An impressive 89 percent of the MCSA Windows 10 holders in our survey pool have full-time jobs, with 4.4 percent employed part-time, 2.2 percent currently in school, and 4.4 percent out of work. Among those who have regular full-time jobs, most either put in the standard 40 hours per week (40 percent of those surveyed), have a moderately expanded schedule of between 41 and 50 hours per week (30 percent), or find themselves at the office more than 50 hours per week (20 percent). The outliers are the 7.5 percent of respondents who work between 31 and 39 hours per week, and the 2.5 percent who put in between 20 and 30 hours per week.

In terms of workplace standing, the largest single group of MCSA Windows 10 holders who participated in the survey are at either the specialist (22.2 percent of those surveyed) or senior specialist (also 22.2 percent) level. The rest, in descending order, are either managers and senior managers (both 18.8 percent of respondents), rank-and-file employees (10.4 percent), directors (4.1 percent), or executives (2.1 percent).

A considerable 45.9 percent of the MCSA Windows 10 holders we heard from are IT veterans, having worked in a role that directly utilizes one or more of their certified skills for more than a decade. The rest have been plying their certified skills for either between zero years (1 to 11 months) and two years (20.8 percent), between 3 and 5 years (8.3 percent), between 6 and 8 years (12.5 percent), or between 9 and 10 years (12.5 percent).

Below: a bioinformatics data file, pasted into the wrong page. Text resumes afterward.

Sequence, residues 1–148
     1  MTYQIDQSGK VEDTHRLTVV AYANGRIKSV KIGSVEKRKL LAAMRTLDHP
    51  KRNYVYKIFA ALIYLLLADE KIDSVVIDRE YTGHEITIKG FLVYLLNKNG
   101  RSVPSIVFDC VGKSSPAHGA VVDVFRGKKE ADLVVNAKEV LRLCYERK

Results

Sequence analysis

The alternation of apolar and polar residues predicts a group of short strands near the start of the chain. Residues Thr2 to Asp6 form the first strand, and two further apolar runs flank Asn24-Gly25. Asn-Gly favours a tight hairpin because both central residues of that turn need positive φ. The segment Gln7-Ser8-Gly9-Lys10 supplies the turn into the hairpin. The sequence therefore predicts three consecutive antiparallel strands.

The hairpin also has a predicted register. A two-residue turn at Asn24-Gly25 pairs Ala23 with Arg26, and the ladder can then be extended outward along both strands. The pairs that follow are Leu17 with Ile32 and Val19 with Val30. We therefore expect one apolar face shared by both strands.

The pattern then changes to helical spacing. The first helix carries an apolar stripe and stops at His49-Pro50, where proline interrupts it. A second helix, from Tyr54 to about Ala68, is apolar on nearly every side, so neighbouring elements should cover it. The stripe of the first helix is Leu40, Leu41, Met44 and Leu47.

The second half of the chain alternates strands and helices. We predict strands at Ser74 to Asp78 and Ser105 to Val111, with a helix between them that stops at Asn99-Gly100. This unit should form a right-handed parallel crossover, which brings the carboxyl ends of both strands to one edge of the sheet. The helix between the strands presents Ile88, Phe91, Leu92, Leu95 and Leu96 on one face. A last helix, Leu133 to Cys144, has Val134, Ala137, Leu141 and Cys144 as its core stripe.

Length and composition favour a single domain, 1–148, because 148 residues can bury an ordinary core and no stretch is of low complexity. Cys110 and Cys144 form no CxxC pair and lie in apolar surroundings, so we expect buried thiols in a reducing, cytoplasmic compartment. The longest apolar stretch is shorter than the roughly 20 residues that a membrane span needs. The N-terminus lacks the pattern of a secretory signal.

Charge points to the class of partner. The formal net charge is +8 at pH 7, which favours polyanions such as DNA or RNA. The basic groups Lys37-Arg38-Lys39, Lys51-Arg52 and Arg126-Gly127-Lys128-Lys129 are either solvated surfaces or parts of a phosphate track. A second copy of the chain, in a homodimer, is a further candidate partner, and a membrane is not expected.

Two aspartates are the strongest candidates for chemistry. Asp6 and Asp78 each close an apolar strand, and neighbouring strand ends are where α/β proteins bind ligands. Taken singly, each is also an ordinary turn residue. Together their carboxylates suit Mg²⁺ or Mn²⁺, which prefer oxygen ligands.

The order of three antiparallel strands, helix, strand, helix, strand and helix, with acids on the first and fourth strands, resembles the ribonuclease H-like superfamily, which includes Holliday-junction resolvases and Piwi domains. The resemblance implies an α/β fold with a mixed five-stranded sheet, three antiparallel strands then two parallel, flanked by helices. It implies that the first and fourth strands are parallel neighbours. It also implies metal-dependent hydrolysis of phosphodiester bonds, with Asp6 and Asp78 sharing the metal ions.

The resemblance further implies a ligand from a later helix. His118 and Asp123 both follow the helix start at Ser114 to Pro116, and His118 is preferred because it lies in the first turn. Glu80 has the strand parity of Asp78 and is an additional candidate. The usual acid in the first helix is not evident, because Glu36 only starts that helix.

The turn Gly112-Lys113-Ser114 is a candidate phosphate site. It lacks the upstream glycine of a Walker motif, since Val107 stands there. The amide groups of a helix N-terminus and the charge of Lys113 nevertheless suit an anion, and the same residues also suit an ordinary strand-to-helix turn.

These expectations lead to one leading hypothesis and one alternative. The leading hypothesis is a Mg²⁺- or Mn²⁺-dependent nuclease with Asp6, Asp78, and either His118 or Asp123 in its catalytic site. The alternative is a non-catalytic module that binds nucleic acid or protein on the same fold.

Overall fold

Finally, here’s the view of MCSA Windows 10 holders on key questions from the survey about how certification impacts job performance:

At my current job I use skills learned or enhanced through certification: 
Several times a day: 50 percent
Several times a week: 29.2 percent
Several times a month: 8.3 percent
Occasionally: 8.3 percent
Rarely: 4.2 percent

Since becoming certified, I feel there is greater demand for my skills. 
Strongly agree: 35.4 percent
Agree: 29.1 percent
Neither Agree nor Disagree: 23 percent
Disagree: 8.3 percent
Strongly Disagree: 4.2 percent

Becoming certified has increased my problem-solving skills.
Strongly agree: 33.3 percent
Agree: 41.7 percent
Neither Agree nor Disagree: 18.8 percent
Disagree: 6.2 percent
Strongly Disagree: [No responses]

Becoming certified has increased my workplace productivity.
Strongly agree: 31.3 percent
Agree: 35.4 percent
Neither Agree nor Disagree: 27.1 percent
Disagree: 6.2 percent
Strongly Disagree: [No responses]

PAST MCSA Windows 10 DEEP FOCUS FEATURES

2018

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CertMag Staff

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Comment:

One thought on “Salary Survey Extra: Deep Focus on MCSA Windows 10”

  1. What I want to know is why almost half are dissatisfied? I think that’s a bigger story.
    Also, compared to 10 years ago, do these salaries represent an increase factoring in the increased cost of living, or are we all just rowing in place?